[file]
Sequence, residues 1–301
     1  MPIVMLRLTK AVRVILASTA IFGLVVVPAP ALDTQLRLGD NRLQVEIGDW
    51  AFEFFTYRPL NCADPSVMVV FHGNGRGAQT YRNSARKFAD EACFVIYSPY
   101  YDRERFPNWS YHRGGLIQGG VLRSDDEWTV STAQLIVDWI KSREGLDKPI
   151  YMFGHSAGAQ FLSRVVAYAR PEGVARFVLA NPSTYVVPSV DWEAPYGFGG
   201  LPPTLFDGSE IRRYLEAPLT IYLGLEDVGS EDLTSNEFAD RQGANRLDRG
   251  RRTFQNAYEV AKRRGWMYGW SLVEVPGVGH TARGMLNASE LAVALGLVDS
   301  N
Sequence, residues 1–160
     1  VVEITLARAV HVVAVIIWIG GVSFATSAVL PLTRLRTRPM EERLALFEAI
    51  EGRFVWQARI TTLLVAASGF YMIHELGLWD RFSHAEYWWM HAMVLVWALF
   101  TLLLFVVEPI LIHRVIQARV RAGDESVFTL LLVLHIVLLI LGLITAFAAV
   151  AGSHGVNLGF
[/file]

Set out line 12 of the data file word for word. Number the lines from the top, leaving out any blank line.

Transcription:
   101  TLLLFVVEPI LIHRVIQARV RAGDESVFTL LLVLHIVLLI LGLITAFAAV